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  • Cache

    Dana STIRLING, "Float" (2013).
    queens NEW YORK

    School of Visual Arts (SVA)

    suckerPUNCH: Describe your project.

    Dana STIRLING: My family roots back to England, but I was born in Israel. I was a child on a fence; a daughter to a migrating family. . . .

    I always felt a misfit with my partial incomplete identity; torn apart between parents who have never blended in to the Middle Eastern culture I felt only half belonged too. Over the years I have heard of my parents’ memories and stories. Stories of happier days. The stories held on to the memories of a time and culture that I was not a part of, in portraits of family members that always remained anonymous to me. These stories were supposed to be my heritage. As I grew up, I started to question photography’s function as my memory, as my family heritage. I have browsed through these old photos, look for a family, but all I found was empty spaces—stories of places I have never been to, people I never saw, and a period that I never lived in. Using photography, I’ve conducted an examination of my history. I am researching a history that I don’t see as actually mine, family memories that I am not part of. The images become objects that I use in order to create a new history and memory of my own—people and places as I would like to remember and understand them.

    sP: What or who influenced this project?
    DS: I think this project came out of my own interest in family albums, and aseptically my own family’s album. When I created this project I had in mind one of my favorite photographers, Takashi Yasumura, who influenced my aesthetics and served as a visual and conceptual mentor to my practice. In addition, Sophie Calle was another artist that I was inspired by at the time. I wrote a paper about Vanitas in my last year of Undergraduate. (Vanitas as a visual tools for symbols of death and life, moments which are fragile and could go unnoticed.) I look through many paintings and photographs that focused on vanitas and its symbols and I see its influence on my work and the way I was looking at still lifes.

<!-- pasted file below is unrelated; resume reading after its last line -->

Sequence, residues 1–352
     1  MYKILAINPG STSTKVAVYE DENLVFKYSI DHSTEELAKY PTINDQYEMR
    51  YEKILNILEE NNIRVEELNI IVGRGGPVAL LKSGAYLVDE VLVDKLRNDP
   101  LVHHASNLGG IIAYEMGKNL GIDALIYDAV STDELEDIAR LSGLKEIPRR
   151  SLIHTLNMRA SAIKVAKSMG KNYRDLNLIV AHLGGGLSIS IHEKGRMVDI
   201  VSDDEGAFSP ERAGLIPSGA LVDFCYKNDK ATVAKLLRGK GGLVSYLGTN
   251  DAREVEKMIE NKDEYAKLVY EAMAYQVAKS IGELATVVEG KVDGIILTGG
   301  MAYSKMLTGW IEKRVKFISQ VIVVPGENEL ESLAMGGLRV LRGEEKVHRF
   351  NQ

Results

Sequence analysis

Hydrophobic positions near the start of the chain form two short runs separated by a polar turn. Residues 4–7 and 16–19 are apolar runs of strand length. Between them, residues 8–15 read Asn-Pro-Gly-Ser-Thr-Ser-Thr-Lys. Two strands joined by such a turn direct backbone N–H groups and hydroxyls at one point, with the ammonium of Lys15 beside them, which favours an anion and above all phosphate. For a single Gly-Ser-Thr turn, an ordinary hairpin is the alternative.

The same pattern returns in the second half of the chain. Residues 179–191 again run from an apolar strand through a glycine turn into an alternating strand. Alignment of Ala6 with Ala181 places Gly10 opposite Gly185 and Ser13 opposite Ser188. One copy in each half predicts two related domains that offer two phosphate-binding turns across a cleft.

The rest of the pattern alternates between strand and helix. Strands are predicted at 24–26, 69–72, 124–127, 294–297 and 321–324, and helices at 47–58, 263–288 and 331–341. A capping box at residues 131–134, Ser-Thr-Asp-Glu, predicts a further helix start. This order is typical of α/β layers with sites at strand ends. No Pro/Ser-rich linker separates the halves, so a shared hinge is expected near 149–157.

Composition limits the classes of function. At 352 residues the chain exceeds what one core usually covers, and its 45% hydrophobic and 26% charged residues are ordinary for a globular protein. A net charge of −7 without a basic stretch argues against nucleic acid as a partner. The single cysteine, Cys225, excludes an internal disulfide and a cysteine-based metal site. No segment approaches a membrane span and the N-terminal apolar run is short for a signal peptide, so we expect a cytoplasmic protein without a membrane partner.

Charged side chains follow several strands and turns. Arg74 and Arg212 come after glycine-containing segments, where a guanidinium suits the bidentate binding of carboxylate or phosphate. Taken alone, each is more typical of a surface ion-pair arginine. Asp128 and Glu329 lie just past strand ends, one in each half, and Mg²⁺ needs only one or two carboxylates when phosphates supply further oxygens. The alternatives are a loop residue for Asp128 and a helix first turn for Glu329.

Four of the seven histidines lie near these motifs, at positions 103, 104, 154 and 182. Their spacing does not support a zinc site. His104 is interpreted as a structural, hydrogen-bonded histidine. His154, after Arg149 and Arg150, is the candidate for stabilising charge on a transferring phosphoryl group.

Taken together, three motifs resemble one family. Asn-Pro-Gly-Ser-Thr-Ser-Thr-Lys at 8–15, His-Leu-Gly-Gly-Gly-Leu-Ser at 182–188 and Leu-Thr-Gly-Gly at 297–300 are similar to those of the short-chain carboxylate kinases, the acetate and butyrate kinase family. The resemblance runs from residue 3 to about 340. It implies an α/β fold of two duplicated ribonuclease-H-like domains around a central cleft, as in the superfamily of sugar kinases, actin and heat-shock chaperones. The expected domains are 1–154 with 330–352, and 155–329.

sP: What were you reading/listening to/watching while developing this project?
    DS: N/A.

    sP: Whose work is currently on your radar?
    DS: I am currently interested in many different artists. One of the artists that I have been looking at now, as an inspiration for my own book making is Christian Patterson with his book and project Redheaded Peckerwood. I like looking at this book as it combines different styles of photography in it—in addition to some interesting features in the book, such as an envelope imbedded into the page as an object and image at the same time.

    Additional credits and links:
    My husband Yoav and I run a non-profit online photography magazine titled Float. This magazine was created with a true love for photography. We try to build a platform for both emerging, young artists and established masters from the photography world, allowing the two spectrums to coexist alongside each other—hopefully, with the intent to create an interesting platform of art sharing and art inspiration.

    [floatmagazine.us]

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